Thread Starter

enjoykilian

Joined May 15, 2021
79
If you want to create your own pong game I can help you with that.
There are two routes, hardware or software.

Have a look at this hardware approach.
https://forum.allaboutcircuits.com/ubs/diy-pong-part-1-of-4-getting-started.822/

If you want to do it in software we can do that too. It is easy enough to pick a hardware platform. The rest is a lot of time spent (100%) writing the program.
it doesn't have to be pong it can be any game actually but i want to play it on my own hardware that i can program with my own assembler
 

MrChips

Joined Oct 2, 2009
26,789
Let us go back in time and review the revolution and development of electronic gaming.

1) The first computer games were text input and output only, entered on a teletype machine with output printed on paper. Popular simulation games such as Hammurabi were in vogue. Of course response time was slow.

2) Animated graphical games began with Jupiter Lander which featured monochrome vector graphics on an X-Y oscilloscope screen.

3) With the advent of CRT screens, text based games developed more rapidly, with the likes of "Hitchhiker's Guide to the Galaxy".

4) Live action full color computer games finally took off with the introduction of personal computers, IBM, Atari, Amiga, Commodore, etc. introducing games and simulation such as Pacman, Space Invaders, Flight Simulator. The first video games were character based where graphics, images and objects were coded in character fonts. Movement of objects required a lot of effort since sections of the graphics screen had to be erased and redrawn.

The introduction of "sprites" where objects were precoded and can be overlayed and moved around the background image without having to redraw the screen.

5) Finally we arrive at full 24-bit color plus sound. Needless to say the hardware (graphics accelerators) and software, memory resources, are extremely complex and not something for the faint of heart to tackle as a DIY hardware project.
 

Thread Starter

enjoykilian

Joined May 15, 2021
79
Let us go back in time and review the revolution and development of electronic gaming.

1) The first computer games were text input and output only, entered on a teletype machine with output printed on paper. Popular simulation games such as Hammurabi were in vogue. Of course response time was slow.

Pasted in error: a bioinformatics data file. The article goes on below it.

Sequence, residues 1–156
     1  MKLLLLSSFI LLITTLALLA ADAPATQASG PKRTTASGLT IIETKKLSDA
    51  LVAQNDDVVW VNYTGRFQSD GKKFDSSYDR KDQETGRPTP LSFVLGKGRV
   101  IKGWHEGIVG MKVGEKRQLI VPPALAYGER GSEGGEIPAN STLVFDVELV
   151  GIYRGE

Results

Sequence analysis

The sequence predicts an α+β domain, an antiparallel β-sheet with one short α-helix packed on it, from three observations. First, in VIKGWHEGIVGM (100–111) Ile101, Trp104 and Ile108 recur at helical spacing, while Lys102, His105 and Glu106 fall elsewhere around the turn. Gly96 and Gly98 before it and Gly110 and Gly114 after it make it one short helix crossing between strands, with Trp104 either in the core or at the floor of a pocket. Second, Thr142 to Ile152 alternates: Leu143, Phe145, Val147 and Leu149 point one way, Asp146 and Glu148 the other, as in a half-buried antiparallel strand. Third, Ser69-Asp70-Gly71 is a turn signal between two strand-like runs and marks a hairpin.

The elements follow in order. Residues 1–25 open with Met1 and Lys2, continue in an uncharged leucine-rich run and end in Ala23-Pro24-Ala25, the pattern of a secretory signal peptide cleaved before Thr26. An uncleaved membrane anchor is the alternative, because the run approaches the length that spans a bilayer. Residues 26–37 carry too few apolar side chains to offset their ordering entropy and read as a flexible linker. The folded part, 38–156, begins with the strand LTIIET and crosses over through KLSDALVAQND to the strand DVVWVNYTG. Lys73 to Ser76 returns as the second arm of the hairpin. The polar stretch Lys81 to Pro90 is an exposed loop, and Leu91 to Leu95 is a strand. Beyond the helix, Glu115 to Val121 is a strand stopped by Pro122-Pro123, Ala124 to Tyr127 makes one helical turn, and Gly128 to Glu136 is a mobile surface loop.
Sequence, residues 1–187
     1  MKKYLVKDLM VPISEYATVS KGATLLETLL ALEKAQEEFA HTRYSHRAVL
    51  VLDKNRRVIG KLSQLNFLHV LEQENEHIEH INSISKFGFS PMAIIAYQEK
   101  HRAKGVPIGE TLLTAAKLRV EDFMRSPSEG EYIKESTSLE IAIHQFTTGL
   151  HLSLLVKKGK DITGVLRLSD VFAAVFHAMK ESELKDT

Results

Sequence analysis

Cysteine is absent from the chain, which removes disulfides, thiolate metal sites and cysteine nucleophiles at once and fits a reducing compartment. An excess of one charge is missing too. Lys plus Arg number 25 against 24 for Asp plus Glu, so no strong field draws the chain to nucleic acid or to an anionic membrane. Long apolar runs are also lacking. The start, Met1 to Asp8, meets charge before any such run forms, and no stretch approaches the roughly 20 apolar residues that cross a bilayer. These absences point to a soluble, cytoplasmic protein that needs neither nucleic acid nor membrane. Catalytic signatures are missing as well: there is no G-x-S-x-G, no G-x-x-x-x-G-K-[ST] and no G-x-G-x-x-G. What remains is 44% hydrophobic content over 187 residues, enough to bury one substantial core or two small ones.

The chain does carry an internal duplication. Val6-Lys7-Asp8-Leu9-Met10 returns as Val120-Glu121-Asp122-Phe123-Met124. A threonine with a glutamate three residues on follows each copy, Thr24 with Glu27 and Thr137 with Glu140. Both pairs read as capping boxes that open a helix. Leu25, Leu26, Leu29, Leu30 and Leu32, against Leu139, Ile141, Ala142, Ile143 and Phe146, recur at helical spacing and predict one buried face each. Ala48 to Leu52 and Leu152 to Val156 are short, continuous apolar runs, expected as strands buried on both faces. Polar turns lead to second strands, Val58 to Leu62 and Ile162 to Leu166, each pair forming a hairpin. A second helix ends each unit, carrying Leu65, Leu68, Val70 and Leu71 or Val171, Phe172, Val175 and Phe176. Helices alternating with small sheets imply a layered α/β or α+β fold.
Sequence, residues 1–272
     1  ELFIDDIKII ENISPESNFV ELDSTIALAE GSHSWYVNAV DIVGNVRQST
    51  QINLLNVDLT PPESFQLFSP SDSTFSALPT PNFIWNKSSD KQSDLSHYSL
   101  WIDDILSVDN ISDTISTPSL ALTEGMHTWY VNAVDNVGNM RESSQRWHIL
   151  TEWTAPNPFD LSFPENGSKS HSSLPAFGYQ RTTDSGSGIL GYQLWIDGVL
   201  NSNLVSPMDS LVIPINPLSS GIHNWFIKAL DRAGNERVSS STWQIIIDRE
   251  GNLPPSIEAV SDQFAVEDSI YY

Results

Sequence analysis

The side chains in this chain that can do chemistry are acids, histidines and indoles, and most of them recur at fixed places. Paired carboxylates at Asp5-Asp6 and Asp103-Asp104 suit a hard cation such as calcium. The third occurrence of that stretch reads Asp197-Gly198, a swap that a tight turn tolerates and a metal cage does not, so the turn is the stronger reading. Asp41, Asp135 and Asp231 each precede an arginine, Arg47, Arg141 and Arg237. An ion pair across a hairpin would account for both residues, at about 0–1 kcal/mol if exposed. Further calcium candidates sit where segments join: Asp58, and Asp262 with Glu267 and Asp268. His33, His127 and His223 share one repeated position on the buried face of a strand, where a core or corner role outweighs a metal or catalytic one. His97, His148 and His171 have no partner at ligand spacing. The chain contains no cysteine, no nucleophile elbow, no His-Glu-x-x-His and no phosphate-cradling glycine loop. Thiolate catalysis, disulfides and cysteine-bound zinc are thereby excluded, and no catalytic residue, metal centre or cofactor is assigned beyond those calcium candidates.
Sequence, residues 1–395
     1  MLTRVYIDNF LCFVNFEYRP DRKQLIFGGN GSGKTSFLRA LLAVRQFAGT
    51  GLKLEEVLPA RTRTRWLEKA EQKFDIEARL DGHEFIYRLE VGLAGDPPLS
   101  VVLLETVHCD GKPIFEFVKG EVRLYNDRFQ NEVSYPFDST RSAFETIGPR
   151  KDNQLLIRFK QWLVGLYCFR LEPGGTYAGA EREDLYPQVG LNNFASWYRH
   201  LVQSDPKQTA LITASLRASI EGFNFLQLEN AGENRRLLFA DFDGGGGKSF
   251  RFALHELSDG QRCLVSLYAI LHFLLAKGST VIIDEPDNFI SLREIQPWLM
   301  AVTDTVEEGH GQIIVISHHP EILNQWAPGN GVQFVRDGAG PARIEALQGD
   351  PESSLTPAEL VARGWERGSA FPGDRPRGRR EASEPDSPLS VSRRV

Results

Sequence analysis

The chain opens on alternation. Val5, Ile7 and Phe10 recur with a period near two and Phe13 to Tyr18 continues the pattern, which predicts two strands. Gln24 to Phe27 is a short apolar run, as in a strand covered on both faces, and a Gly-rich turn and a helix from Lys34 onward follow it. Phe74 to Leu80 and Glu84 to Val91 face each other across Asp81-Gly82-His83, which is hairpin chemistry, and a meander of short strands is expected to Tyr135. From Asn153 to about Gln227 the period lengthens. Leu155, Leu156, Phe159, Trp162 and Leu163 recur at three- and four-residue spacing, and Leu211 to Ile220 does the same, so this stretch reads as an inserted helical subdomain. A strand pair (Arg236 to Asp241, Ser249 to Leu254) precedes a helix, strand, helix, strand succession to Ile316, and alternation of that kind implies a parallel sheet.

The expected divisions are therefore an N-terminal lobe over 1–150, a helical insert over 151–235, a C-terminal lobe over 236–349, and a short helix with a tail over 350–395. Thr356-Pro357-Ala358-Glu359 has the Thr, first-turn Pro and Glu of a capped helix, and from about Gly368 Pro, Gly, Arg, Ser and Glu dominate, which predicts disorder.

2) Animated graphical games began with Jupiter Lander which featured monochrome vector graphics on an X-Y oscilloscope screen.

3) With the advent of CRT screens, text based games developed more rapidly, with the likes of "Hitchhiker's Guide to the Galaxy".

4) Live action full color computer games finally took off with the introduction of personal computers, IBM, Atari, Amiga, Commodore, etc. introducing games and simulation such as Pacman, Space Invaders, Flight Simulator. The first video games were character based where graphics, images and objects were coded in character fonts. Movement of objects required a lot of effort since sections of the graphics screen had to be erased and redrawn.

The introduction of "sprites" where objects were precoded and can be overlayed and moved around the background image without having to redraw the screen.

5) Finally we arrive at full 24-bit color plus sound. Needless to say the hardware (graphics accelerators) and software, memory resources, are extremely complex and not something for the faint of heart to tackle as a DIY hardware project.
The 4 option intresses me
 

MrChips

Joined Oct 2, 2009
26,789
If you are interested in taking a step back in time to experiment with sprite graphics then I would recommend acquiring a previously owned Commodore 64.

There are C-64 user groups that you can join. You will be able to extract essential information on getting started with creating your own games.

https://www.c64brain.com/graphics/commodore-64-sprites/

https://www.c64-wiki.com/wiki/Commodore_User_Groups

My favorite game on the Commodore 64 was Bugaboo.
https://en.wikipedia.org/wiki/Bugaboo_(The_Flea)
 

Thread Starter

enjoykilian

Joined May 15, 2021
79
If you are interested in taking a step back in time to experiment with sprite graphics then I would recommend acquiring a previously owned Commodore 64.

There are C-64 user groups that you can join. You will be able to extract essential information on getting started with creating your own games.

https://www.c64brain.com/graphics/commodore-64-sprites/

https://www.c64-wiki.com/wiki/Commodore_User_Groups

My favorite game on the Commodore 64 was Bugaboo.
https://en.wikipedia.org/wiki/Bugaboo_(The_Flea)
I actually just want to build my own i already have a plan and the parts needed so there is no way back i guess i am just trying to figure out what the best things to do are like what is the most optimized way of using ram etc